Understanding bias and power in community policing
Police-community relationship often fail because the law enforcement officer is unaware of a fact the community constituency knows all too well
This article originally appeared in the February 2019 PoliceOne Leadership Briefing. To read the full briefing, visit Faux collaboration | Black History Month | Bias in community policing, and add the Leadership Briefing to your subscriptions.
By Shaun Ward, D. Mgt., PoliceOne Contributor
Effective law enforcement leaders constantly find themselves searching for opportunities to improve police-community relationships. Although leaders develop and implement strategies to achieve this goal, it is a difficult task.
The primary reason strategies fail to improve the police-community relationship is that law enforcement officers may be unaware of a fact the community constituency knows all too well: both leaders and their officers always bring their tacit bias and power to every call for service.
An officer is often the only person on-scene to carry multiple lethal weapons. An officer has a certain bias based on his or her previous experiences. An officer has the legal authority to vastly change the lives of all persons on a service call. Thus, the on-scene position of power is definitely one-sided, of which the public can be angrily aware. However, there are strategies officers can deploy to vastly improve this dynamic and subsequently improve community policing.
Strategy 1: Build an internal community
The Office of Community Oriented Policing Services (COPS Office) defines community policing by three components: relationships, organizational transformation and problem solving. Each component expresses the importance of building a community both internally and externally.
In order for community members to feel their police department cares about them and their communities, leaders should build and sustain an effective internal community first. This is accomplished through leaders involving their officers in every part of the decision-making process. Even though final decisions are made by the executives of an organization, involving officers enables them to feel connected to the overall mission of the organization and empowers them to be a stakeholder rather than an employee.
Police leader tip: When police officers accept leadership positions, their priority is their subordinates. If police officers are expected to serve their community, leaders should also serve their subordinates by embracing the practice of servant leadership.
Strategy 2: Understand how people connect
The concept of positionality, which is supported by the reticular activating system of the brain, attempts to explain how humans, consciously or unconsciously, connect with people with whom they share commonalities and interests. Our reticular activating system plays the role of gatekeeper of the information that travels into our conscious mind and how we perceive sensory information every day.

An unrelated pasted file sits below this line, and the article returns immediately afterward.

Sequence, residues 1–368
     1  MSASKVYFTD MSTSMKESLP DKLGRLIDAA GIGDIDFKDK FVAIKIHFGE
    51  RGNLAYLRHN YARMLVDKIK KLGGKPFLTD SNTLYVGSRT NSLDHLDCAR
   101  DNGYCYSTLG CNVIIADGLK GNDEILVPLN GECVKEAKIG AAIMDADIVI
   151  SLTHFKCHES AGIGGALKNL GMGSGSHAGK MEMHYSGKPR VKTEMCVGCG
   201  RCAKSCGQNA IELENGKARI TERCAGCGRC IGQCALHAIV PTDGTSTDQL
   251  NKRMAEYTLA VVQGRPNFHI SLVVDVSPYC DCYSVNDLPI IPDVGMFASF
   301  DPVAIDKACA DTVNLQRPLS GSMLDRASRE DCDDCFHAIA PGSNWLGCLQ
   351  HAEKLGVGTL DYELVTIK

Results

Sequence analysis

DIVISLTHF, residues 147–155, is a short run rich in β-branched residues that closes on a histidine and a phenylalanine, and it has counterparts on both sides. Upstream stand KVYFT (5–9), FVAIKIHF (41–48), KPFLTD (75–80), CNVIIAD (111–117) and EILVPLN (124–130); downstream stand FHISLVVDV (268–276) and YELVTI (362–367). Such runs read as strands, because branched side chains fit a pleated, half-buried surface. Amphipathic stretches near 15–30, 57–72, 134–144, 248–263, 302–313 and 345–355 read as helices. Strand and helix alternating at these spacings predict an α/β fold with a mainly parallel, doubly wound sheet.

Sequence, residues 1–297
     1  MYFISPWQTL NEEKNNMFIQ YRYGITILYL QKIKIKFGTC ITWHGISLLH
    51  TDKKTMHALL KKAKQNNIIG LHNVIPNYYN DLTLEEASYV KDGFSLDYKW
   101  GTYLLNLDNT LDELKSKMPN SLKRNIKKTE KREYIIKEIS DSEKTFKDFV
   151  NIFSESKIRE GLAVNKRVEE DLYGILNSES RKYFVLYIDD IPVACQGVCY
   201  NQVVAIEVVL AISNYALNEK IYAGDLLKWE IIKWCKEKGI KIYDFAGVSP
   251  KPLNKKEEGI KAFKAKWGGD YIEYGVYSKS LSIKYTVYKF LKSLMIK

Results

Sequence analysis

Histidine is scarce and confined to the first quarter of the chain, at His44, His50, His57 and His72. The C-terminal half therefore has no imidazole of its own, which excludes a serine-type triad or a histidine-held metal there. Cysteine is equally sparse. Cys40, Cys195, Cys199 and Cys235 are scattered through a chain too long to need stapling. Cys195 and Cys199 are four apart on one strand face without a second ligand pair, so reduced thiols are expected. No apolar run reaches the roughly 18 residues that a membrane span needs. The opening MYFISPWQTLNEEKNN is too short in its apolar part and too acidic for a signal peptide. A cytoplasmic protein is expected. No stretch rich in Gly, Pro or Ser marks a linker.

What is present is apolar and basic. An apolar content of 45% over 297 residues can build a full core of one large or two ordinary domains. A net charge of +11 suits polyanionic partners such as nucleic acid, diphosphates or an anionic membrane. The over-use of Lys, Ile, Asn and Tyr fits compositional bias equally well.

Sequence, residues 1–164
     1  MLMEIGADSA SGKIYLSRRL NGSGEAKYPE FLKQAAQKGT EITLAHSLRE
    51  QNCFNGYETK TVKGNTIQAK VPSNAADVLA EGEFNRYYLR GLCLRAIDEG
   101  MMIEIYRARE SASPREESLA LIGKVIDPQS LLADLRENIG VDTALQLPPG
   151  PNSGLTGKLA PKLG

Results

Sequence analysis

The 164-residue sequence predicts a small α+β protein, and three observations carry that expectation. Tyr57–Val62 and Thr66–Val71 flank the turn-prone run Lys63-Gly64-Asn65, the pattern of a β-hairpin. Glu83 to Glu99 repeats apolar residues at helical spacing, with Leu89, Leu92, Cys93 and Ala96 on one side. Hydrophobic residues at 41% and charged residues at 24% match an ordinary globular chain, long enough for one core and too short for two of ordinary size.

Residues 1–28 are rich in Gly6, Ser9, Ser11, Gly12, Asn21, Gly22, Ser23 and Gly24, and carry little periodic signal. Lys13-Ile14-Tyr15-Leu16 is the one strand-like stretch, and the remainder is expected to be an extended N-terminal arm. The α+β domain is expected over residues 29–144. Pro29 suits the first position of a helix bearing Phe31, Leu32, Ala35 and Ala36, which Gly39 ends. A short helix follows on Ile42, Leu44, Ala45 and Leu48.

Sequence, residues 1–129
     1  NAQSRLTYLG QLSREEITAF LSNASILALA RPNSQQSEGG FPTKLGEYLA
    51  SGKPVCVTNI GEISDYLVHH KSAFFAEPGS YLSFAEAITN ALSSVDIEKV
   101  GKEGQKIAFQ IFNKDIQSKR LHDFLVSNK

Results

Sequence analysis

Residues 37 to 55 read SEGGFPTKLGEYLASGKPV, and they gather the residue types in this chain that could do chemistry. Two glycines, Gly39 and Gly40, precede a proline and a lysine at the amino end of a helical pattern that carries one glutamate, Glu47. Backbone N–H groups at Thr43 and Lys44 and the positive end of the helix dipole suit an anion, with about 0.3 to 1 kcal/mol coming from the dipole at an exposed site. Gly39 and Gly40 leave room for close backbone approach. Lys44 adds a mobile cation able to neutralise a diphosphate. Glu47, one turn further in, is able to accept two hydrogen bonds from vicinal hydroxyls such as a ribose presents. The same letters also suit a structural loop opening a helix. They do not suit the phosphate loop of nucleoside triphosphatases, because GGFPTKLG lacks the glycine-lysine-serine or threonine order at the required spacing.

Although police officers, like all humans, have biases based on their background, experiences and what interests them, they must not apply those biases during their decision-making process.
Police leader tip: In order for decisions to be made without bias, leaders must constantly remind officers to focus on the facts and circumstances before them and make decisions as a result of that information.
Strategy 3: Recognize power dynamics
Sworn law enforcement officials have a certain degree of power and influence. It is essential for a sworn officer to understand a power dynamic always exists when he or she responds to a call for service. Knowing that, officers should not focus on exercising that authority as a tool, but rather use facts and circumstances to guide their use of power.
Police leader tip: Leaders may want to consider training strategies that encourage influence to be used proactively and not reactively. For example, letting a person know why they are stopped or why you are at their home encourages transparency. Although the officer has the authority to conduct the vehicle stop or be in someone’s home, being transparent invites cooperation and can show the officer is not abusing their power, thus potentially improving both officer and civilian safety.
Effective community engagement strategies for law enforcement leaders:
- Why collaborative leadership improves decision-making
- How community-based enforcement will help close the trust gap
- 3 critical skills cops need for collaboration with community stakeholders
- Why we need to humanize law enforcement (and how to do it)
About the Author
Shaun Ward, D. Mgt., is a law enforcement professional with over 15 years of strategic and leadership experience who received his Doctor of Management in Organizational Leadership degree. Dr. Ward has contributed extensively as a program manager of community policing initiatives and professional development. He is dedicated to researching occupational health and safety, relational process, and employee well-being to produce evidence-based best practices that are meaningful to scholars, practitioners and communities at large. Connect with him on LinkedIn at https://www.linkedin.com/in/shaunlward.
- Community Policing